How to Get Off on a Political Rant
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by Chris RitterThe latest political rant from an unhinged, anti-government, left-wing political pundit is a great example of what we should expect when the media starts going after Donald Trump.
The latest is a recent appearance on MSNBC’s Andrea Mitchell Reports where the pundit, Michael Steele, declared that Hillary Clinton’s “career” would be over if the Democratic nominee won the presidential election, that he’d rather see Trump in the White House, and that the only way he could be successful is if the Democrats won the House of Representatives.
Steele’s tirade has been a predictable and predictable campaign for the past month.
Trump has continued to take flak from Democrats, who are still trying to figure out just how effective a president he would be, and many on the right have been eager to attack the President-elect as a partisan.
What is interesting is how the pundits reaction to Trump has shifted over the past few weeks.
The more serious commentators, like MSNBC’s Chris Matthews and CNN’s Chris Cuomo, have taken a more adversarial approach to Trump.
They have continued to argue that Trump has been “sitting in his office, not doing anything,” and that he would do better to “shut up.”
But in the last week, they have also started to soften their rhetoric.
Cuomo recently argued that Trump should just “take a few more months” to “see what’s going on.”
Matthews has called Trump “a little paranoid,” and said, “he doesn’t have a clue how this is going to turn out.”
The more casual commentators, such as CNN’s Don Lemon, have continued on their normal course, arguing that Trump’s behavior was “just bizarre” and that “if it were me, I would have a hard time getting off this train.”
There have been a number of changes in how pundits have reacted to Trump, especially after the President announced on Tuesday that he will not be accepting the election results in a series of tweets.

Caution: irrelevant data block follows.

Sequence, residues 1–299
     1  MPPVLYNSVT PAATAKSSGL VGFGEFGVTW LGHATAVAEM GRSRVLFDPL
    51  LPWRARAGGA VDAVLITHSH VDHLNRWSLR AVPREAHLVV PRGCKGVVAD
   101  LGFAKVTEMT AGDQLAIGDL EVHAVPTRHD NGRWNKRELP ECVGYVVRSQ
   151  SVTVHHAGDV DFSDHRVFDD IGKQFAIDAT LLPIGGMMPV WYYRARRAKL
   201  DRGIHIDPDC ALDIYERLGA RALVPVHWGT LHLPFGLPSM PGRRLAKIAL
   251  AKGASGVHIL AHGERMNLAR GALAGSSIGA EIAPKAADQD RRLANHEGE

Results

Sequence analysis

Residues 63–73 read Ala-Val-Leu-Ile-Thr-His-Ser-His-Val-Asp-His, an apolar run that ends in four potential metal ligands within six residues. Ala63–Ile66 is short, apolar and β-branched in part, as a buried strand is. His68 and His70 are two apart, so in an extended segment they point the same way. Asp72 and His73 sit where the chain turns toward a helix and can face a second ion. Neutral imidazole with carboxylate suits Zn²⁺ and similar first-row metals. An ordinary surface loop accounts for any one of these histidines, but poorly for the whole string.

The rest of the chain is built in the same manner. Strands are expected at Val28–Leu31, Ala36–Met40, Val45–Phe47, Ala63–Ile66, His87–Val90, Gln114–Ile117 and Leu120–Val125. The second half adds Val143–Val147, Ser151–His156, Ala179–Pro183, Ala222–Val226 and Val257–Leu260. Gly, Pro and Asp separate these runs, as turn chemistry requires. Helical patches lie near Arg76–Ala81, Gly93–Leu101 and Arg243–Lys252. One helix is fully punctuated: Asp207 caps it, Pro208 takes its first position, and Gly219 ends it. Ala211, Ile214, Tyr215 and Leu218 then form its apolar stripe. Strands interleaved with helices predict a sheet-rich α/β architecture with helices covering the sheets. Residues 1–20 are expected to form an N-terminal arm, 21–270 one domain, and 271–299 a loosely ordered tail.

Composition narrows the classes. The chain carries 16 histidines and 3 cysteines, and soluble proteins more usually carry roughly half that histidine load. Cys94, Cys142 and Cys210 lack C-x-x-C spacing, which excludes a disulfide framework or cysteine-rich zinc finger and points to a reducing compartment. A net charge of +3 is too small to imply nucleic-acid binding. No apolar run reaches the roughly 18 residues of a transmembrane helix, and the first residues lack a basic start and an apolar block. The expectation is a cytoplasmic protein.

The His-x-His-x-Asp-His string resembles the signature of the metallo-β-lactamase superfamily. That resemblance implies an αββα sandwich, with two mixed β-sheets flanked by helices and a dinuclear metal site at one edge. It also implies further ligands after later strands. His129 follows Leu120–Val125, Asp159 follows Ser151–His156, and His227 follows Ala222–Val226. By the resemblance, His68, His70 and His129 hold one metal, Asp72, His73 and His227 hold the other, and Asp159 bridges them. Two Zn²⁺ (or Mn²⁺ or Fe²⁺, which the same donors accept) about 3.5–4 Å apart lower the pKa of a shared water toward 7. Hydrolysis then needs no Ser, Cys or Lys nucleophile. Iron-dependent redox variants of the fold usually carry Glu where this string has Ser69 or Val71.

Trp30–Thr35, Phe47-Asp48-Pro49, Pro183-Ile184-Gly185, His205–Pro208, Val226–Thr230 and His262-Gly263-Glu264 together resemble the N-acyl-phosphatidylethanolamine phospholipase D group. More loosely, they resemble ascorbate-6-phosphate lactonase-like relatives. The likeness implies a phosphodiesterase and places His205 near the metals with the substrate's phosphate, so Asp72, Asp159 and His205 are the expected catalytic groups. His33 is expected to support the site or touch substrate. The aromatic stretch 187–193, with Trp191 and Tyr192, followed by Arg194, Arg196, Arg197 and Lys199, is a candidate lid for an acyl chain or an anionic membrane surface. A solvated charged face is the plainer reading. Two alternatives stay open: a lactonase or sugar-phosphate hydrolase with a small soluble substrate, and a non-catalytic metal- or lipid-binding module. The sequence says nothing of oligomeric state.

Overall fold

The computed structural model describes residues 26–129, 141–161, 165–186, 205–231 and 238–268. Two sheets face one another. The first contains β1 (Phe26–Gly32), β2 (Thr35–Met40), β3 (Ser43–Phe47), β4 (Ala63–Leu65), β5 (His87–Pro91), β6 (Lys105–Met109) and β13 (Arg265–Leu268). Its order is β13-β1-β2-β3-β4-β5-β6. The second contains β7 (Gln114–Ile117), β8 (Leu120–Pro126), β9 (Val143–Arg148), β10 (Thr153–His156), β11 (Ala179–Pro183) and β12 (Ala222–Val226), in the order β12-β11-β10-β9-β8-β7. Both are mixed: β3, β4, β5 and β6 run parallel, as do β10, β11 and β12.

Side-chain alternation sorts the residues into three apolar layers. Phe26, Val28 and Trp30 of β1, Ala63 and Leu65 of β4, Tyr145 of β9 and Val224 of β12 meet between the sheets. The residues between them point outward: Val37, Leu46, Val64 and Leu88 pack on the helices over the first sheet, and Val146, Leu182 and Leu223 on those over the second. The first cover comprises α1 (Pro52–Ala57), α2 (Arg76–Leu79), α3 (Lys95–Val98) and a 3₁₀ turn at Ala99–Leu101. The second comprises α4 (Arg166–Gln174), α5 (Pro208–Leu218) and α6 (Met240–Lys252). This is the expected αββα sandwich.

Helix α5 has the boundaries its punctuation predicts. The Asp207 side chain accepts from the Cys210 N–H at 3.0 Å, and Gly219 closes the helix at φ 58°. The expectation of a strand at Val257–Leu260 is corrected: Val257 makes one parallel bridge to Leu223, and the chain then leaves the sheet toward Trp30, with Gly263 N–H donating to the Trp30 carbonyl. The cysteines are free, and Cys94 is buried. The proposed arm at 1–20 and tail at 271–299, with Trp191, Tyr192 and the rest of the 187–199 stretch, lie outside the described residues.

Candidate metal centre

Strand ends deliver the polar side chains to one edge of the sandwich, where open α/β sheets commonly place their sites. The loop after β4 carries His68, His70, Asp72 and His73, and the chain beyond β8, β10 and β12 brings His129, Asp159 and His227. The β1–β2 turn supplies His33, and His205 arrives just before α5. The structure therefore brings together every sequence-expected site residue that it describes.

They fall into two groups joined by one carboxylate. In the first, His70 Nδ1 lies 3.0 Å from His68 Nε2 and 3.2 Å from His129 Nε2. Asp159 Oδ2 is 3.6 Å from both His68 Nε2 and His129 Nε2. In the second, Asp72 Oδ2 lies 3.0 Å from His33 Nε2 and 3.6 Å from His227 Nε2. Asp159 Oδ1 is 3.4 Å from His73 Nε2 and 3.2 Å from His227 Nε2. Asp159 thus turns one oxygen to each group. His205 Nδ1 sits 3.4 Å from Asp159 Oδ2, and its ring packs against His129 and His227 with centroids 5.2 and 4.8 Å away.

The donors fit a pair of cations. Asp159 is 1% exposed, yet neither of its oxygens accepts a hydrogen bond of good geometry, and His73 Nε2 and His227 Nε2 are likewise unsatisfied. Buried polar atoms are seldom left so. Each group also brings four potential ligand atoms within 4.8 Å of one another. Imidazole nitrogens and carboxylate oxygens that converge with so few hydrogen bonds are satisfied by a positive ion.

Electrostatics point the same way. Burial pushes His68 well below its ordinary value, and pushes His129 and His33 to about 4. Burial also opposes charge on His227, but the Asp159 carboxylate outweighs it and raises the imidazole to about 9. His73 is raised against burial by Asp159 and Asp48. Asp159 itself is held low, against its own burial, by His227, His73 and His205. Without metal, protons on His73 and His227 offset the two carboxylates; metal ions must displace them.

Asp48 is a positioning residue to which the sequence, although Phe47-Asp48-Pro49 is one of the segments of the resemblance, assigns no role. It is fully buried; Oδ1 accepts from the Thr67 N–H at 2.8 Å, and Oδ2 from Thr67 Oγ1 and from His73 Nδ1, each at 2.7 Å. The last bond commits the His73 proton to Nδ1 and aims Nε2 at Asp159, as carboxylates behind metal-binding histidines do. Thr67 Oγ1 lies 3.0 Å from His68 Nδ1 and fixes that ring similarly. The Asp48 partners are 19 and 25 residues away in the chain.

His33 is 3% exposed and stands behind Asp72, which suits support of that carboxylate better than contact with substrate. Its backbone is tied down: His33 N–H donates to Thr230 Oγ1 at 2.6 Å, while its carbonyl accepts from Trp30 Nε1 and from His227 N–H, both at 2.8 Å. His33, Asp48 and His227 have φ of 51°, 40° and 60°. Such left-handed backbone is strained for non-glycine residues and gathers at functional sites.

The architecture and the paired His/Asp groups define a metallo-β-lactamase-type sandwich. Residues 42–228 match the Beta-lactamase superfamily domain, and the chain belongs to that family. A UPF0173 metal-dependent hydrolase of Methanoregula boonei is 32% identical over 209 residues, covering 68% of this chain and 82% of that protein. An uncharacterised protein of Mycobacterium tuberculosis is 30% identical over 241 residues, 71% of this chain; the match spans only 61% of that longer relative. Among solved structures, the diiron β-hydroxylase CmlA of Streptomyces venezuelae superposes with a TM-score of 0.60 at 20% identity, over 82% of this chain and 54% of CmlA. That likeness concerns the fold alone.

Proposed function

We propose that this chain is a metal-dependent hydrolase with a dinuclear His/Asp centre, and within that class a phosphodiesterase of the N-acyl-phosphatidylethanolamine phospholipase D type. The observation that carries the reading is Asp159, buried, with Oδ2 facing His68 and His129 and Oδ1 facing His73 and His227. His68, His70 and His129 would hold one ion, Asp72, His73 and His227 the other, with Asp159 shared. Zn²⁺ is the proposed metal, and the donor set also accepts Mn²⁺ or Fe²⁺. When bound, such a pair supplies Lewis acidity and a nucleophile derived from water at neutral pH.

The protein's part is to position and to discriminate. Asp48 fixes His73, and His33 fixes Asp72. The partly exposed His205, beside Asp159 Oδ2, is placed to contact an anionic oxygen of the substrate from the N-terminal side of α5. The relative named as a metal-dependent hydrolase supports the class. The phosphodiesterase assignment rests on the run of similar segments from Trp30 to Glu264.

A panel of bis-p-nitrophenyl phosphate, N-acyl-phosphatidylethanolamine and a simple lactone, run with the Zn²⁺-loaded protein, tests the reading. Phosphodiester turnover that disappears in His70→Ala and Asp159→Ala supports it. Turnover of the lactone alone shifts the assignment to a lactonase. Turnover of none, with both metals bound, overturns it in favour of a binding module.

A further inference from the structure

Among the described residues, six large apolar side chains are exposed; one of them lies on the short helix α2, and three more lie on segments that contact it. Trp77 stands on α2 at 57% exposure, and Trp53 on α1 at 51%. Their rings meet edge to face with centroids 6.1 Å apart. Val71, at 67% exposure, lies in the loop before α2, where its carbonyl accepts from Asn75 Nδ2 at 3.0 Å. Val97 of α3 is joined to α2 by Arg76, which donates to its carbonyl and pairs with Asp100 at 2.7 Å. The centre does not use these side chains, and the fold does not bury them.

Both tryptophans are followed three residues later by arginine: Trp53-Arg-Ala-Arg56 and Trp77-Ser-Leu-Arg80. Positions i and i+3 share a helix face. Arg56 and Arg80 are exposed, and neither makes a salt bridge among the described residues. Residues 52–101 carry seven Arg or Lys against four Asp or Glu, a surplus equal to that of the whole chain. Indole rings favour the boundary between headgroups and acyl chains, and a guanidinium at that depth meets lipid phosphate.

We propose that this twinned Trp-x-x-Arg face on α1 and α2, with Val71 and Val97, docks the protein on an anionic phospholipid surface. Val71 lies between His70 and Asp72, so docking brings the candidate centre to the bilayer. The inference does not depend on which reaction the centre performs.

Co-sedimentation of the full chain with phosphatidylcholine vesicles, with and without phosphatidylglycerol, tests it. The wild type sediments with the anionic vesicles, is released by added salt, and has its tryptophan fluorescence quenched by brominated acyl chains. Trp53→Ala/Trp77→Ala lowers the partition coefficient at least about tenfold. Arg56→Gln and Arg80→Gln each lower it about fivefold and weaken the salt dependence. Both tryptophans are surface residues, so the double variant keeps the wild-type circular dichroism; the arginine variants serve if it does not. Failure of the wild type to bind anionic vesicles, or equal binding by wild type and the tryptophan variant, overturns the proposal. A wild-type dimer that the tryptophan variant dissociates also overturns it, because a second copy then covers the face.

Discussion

On Wednesday morning, CNN’s Jake Tapper went on CNN’s State of the Union to discuss how it would be impossible to verify the vote count, but he did not rule out the possibility of a recount.
Tapper suggested that Trump may have been “in denial” about the results because of the fact that there is “no evidence” that he was “fraudulently or intentionally misinterpreting the results.”
On Thursday, Trump’s chief strategist, Stephen Bannon, argued that the results are “completely fake news,” that the “real Russia story is about Democrats rigging the election,” and “it’s going to come out.”
He went on to argue, “There’s no way anybody could have been fooled by the vote counting, and there’s no doubt that the election would have gone the other way.”
Later in the day, Trump tweeted that he has “received numerous reports of the vote fraud from a very high level” in New York, “including the election officials themselves.”
During an interview with the conservative radio host Hugh Hewitt on Thursday, a host of the program asked Trump, “So what’s your take on this?”
Trump responded, “I’m not worried about it, Hugh.
I don’t think it’s going anywhere.
And I’m not going to worry about it because I have people that I trust, and they’ll be watching.”
In an interview on Wednesday, Trump suggested that he believes the “fake news media” is trying to sabotage him, and called for “a new McCarthyism” to deal with the media.
But now, a new poll has shown that he may be winning the war against the media and he may actually be winning it.
The Washington Post’s Peter Nicholas has found that the most common reaction to the new poll was that Trump was “overwhelmingly popular,” and therefore that the polls were “wrong.”
According to the poll, which is based on a combination of landline and cell phone interviews, 53 percent of Americans say they trust the “mainstream media more than the Donald Trump administration,” while 47 percent say they do not trust the Trump administration at all.
That’s a far cry from the 74 percent who said the same about the Obama administration, and the 70 percent who did not trust it at all in November.
Trump’s approval rating has also dropped significantly from his highs, with a mere 18 percent of respondents saying they approve of him, a number that is down from a high of 29 percent in December.
The poll also found that most respondents have not yet decided which way they will vote in the November election, with 51 percent of those polled saying they will not vote for Trump and 49 percent saying they’ll vote for Hillary Clinton.
Despite the numbers, Trump has remained popular with the American public.
Forty-two percent of Republicans surveyed said they approve, while 45 percent said they disapprove.
In addition, 54 percent of Democrats surveyed said
by Chris RitterThe latest political rant from an unhinged, anti-government, left-wing political pundit is a great example of what we…